The independent external evaluation of the project, completed in 2016 by the University of the West of England, is available to download here.
If you’re not currently growing food, or just getting started on your food growing journey, our new school assembly programme could be just for you.
Over the summer, the Food Growing Schools: London team have been beavering away to get a fun, engaging and informative assembly ready to be delivered in schools this autumn term. The idea is that the assembly is taken into schools that are yet to enjoy all the benefits of food growing, so that we can inspire teachers and pupils and make it even easier to get started.
The short assembly is linked to the curriculum, suitable for all ages and can be tailored for the needs of your school. It will get your pupils thinking about where our food comes from, why food growing is important and what can be grown within the school gates. Team the assembly with our free tips and resources and we’ll have you growing your own in no time at all!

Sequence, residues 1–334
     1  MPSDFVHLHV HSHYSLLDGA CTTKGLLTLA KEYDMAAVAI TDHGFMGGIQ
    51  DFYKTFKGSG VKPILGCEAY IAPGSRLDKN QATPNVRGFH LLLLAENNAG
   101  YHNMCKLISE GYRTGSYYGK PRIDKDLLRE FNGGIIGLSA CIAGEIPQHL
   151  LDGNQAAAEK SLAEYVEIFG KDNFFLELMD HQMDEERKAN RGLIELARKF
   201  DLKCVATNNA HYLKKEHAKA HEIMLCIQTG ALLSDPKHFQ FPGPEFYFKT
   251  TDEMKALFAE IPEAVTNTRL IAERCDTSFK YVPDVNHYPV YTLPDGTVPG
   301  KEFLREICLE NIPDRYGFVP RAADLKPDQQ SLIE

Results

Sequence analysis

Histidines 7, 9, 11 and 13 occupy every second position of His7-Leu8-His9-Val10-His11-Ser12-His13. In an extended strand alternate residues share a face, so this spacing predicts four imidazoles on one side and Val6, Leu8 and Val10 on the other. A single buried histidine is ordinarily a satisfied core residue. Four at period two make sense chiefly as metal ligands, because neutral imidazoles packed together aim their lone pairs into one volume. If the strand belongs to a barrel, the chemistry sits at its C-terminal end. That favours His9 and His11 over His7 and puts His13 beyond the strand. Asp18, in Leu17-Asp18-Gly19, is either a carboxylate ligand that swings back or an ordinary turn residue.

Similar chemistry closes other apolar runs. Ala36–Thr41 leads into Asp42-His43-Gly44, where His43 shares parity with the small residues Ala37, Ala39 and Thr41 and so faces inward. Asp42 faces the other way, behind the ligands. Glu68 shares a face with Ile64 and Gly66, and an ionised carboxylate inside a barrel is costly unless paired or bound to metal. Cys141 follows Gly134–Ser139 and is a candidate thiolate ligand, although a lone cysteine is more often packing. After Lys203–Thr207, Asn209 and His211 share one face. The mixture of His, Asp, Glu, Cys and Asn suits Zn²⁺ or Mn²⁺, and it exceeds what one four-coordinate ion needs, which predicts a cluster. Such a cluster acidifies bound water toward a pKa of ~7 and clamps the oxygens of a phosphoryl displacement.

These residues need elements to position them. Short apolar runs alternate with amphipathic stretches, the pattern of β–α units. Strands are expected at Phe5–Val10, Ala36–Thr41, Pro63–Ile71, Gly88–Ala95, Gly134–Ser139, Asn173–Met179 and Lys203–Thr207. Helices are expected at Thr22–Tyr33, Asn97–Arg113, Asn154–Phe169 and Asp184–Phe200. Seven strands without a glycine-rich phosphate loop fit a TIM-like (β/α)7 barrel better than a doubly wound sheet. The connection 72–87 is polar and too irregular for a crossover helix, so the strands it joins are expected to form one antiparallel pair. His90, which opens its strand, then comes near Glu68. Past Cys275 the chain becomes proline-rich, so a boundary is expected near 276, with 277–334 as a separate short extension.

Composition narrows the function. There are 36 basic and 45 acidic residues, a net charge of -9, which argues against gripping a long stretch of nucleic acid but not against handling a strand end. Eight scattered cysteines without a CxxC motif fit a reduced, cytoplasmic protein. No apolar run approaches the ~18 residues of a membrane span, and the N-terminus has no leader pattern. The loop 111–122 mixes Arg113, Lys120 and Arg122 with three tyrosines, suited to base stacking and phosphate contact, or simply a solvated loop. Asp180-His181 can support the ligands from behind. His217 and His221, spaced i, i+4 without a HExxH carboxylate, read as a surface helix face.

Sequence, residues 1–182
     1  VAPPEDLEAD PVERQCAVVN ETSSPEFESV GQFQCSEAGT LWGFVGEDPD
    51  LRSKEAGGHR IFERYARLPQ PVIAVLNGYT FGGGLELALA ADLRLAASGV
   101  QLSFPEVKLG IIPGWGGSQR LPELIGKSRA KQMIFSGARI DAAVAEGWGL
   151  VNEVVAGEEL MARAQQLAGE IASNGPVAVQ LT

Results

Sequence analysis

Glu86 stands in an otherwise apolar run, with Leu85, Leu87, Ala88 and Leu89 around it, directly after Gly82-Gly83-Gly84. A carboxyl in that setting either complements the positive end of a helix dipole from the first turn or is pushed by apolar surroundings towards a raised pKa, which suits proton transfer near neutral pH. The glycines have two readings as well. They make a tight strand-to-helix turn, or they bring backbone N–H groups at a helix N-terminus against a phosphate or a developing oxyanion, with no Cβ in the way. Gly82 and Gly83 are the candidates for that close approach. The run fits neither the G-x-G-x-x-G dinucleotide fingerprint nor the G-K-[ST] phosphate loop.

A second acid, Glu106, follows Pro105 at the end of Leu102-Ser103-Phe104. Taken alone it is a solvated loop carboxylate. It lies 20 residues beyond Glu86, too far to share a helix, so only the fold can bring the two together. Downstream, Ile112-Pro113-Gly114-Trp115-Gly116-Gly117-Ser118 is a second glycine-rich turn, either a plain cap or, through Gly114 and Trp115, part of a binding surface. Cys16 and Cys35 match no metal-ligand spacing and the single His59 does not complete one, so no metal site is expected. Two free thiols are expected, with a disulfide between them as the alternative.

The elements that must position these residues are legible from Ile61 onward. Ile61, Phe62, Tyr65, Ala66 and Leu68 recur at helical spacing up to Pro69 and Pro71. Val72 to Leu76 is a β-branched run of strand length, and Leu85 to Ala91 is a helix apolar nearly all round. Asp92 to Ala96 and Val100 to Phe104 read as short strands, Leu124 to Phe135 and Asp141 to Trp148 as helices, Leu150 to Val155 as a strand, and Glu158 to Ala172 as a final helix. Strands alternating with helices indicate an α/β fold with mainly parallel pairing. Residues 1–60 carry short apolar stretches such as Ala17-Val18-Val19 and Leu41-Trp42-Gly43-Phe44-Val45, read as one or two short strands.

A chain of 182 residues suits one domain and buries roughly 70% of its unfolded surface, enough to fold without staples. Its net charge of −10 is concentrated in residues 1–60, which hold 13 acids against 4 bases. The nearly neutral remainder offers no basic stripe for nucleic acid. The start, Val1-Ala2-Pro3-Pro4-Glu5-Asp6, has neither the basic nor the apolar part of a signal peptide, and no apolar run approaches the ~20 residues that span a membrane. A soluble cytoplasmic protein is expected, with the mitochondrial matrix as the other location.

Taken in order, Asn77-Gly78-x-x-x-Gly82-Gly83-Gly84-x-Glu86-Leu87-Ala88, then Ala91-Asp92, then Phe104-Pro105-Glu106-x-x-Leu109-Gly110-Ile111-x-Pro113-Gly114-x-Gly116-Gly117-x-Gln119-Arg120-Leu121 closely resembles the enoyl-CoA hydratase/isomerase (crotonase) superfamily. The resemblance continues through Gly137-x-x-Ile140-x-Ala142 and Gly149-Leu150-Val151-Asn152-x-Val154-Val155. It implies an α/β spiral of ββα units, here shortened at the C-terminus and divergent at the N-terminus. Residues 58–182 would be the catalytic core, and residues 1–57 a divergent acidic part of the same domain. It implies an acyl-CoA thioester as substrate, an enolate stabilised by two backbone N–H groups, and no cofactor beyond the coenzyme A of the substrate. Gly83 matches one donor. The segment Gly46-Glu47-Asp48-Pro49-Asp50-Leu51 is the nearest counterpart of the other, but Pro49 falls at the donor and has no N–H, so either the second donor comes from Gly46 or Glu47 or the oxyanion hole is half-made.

Interested? Book your free school assembly – and receive:
We are delighted to announce that we will be celebrating the success of Food Growing Schools: London (FGSL) with a special event in the London’s Living Room at City Hall on Thursday 13 October, from 10.45am to 1.30pm, including lunch.
The event will be hosted by the GLA and opened by the Deputy Mayor of London Joanne McCartney. It will be a fantastic opportunity to bring together people from across the capital that have been part of our journey and that join us in our ambition to get every London school growing their own food!